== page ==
I washed the Model T today well if I tell the absolute truth I had the car washed for me,how do you wash your Model T ?
I have never "washed" my 1924 cut-off touring (now a pickup). I'm pretty much a wimp and only take it out on paved roads when the weather is clear.
I do occasionally give it a wipe-down with a damp towel, followed by a dry towel. I'm probably putting fine scratches in the finish by doing this, but so far I haven't noticed any degredation (see my profile pic).
My TT hasn't been washed since 1946 I'm sure, and probably not for several years before that.
No different than how I wash my modern car - garden hose with a low flow of water and a sponge or a bucket of water with neutral car wash soap and a sponge, followed by a gentle rinse with the hose. After car is cleaned, wipe down car with a chamois, rinsing it in a bucket of clean water.
Always wash a car in the shade.
With a Model T Ford, always take a rag and wipe out the water around the spark plugs when you are finished. Also, open the sidelights and wipe them out.
I wouldn't use a pressure washer with an antique car - you may force water where it doesn't belong. With a Model T, it can even wind up in the crankcase via the breather or via the pedal shaft holes in the hogshead.
Also - with a touring or roadster, wash the car with the top up and don't be afraid to wash the exterior of the top material.
I dust mine.....sometimes! Or! I drive it in the rain...LOL
I get a ribbing about driving mine in a really bad rain storm to a club function, our tour planning meeting.
(Message edited by redmodelt on March 20, 2016)
Is there an alternative to driving your T in a rainstorm when you live in Portland ?
I use the 2 bucket method. 1 bucket with soap for washing the car and 1 bucket to rinse the sponge out. I rinse the sponge often, as in I wash one fender and then rinse the sponge. Change the water in the rinse bucket often as well. This way you get rid of most of the dirt in the rinse water and don't re-apply the dirt to the next panel you wash. This also lessens the chance of scratching the paint.
Wipe with a towel full of soapy warm water, hose it off, and wipe dry with a towel. Do the washing and rinsing in sections so the soapy water doesn't have time to dry before you rinse.
Normally it's best to wash in the shade, but in this case the early February sun wasn't strong enough to be a problem.
Worry about scratching?
I just wipe it down with WD-40 or Marvel mystery oil - whichever I can find first.
I don't want to disturb the near perfect finish!
When I do wash my truck, I follow Steve's master plan. However, dirt and dust ARE considered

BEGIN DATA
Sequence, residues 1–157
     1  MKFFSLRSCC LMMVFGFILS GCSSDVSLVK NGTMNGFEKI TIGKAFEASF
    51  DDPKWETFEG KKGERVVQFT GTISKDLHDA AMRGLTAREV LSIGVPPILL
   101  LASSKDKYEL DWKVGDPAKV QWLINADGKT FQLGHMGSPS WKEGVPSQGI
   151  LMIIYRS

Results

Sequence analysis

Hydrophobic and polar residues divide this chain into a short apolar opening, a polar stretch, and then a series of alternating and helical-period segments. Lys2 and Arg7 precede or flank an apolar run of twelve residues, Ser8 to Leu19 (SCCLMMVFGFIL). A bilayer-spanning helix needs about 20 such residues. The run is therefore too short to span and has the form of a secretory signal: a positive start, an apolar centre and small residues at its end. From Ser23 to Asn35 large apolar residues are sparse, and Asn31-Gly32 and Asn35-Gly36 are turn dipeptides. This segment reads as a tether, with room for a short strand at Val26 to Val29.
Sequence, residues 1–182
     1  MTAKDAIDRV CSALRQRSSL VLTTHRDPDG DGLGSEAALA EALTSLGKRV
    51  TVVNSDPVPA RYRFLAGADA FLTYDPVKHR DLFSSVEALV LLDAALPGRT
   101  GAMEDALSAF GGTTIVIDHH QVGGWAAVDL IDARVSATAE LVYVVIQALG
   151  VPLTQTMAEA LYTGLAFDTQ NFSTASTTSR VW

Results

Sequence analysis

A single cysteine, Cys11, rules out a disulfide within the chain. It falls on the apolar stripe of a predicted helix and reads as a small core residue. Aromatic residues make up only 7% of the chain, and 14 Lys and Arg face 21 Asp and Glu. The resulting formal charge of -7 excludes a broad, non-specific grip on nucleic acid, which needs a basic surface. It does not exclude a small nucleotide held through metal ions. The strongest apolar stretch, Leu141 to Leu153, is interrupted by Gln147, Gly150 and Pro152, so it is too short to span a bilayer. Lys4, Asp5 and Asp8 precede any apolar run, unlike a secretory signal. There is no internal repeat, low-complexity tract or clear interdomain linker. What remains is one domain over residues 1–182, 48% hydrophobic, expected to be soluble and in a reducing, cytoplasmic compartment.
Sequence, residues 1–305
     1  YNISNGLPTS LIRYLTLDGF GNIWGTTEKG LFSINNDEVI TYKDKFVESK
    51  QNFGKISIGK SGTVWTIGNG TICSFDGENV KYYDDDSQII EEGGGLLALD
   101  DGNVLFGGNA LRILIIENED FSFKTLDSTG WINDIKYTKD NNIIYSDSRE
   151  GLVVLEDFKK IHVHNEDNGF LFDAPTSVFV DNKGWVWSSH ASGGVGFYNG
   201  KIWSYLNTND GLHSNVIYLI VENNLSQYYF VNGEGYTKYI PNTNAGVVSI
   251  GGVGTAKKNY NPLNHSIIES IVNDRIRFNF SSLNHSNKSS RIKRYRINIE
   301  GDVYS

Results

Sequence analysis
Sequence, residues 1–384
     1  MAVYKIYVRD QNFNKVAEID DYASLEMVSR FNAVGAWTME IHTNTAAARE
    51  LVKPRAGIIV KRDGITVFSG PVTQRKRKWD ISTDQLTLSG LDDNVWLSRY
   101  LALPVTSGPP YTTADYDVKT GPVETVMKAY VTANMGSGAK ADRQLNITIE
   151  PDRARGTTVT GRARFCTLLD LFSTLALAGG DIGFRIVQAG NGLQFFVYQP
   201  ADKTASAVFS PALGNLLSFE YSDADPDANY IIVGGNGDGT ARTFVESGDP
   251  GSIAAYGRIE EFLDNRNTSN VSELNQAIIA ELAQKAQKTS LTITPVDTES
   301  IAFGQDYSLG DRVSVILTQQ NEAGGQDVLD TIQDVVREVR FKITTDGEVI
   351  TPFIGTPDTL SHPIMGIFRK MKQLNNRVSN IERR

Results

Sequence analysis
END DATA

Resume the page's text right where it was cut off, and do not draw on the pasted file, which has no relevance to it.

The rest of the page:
"standard equipment" with a truck and a truck too shiny is not only a shameful disgrace, but an
embarrassment to the truck driving community ! After a winter of work in the shop, the truck is
covered in a heavy layer of fine sawdust and other airborne detritus that a cruising speed of 15mph
might not adequately disperse upon a season's maiden voyage, and thusly may require a quick
wash down to get things adequately squared away. But then again, maybe not. That heavy "barn
find" dust layer is a good look and I think I may just leave it.
On the infrequent occasions when I wash it, I use Steve's method also. I also check the local weekly freebie paper to see if any group of teens is holding a car wash somewhere to support a worthy cause. In that case, I pay them to wash it. Less work and an added good feeling. They usually get a kick of it as well...
Like most of you I use a garden hose and soapy water in the shade and gently mist the water so I don't get water inside but before I wash it I usually open the hood and cover the motor with some plastic to keep water out of the spark plugs and coils.
I only use a hose on mud stuck on or under the fenders. Normally, I just use a bucket of water with the wash and wax you can get at the auto parts store. I wipe it on with a sponge, which I rinse very often. Then I wipe the car with bath towels (I have some especially for the cars, not the ones we use for bathing). This method washes and waxes in one operation. I have been doing this for over 25 years. Never used other type wax or soap on the cars. Of course the cars are in the garage and only taken out for tours, shows, parades, or occasional driving around just to keep them going.
I don't wash mine at all, unless there is mud caked on it. I use a "car duster" to get the dust off, and then go over it with one of the spray detailers. The detailer removes fingerprints and water spots and smudges while leaving a nice shine. Takes much less time than washing and waxing and gives great results. If you use detailer before a parade where they want to use blue tape to put signs on your car, the tape will not stick!
"... removes fingerprints ... ?
Oh boy, now THAT is funny !
When we wash our 14 we use water with a cap full of Woolite in the water? The car is now still covered with corn dust but if we get a warm up in April it will be out.I have lived on a gravel road now for 39 years and i avoid mud. Bud in Wheeler Mi.
I wash mine every trip out because they sit under a carport and the get dusty even with California covers. I wet and wash all top surfaces and then the sides. Then I dry. Once a year apply wax. I apply detailer before shows in the area. Not many model A or T shows in my area. I try to drive a model A Or T in the summer at least once a week.
Don't forget to blow any water out of the heads at the spark plug recess!!
What? You don't get fingerprints? Nobody touches your car?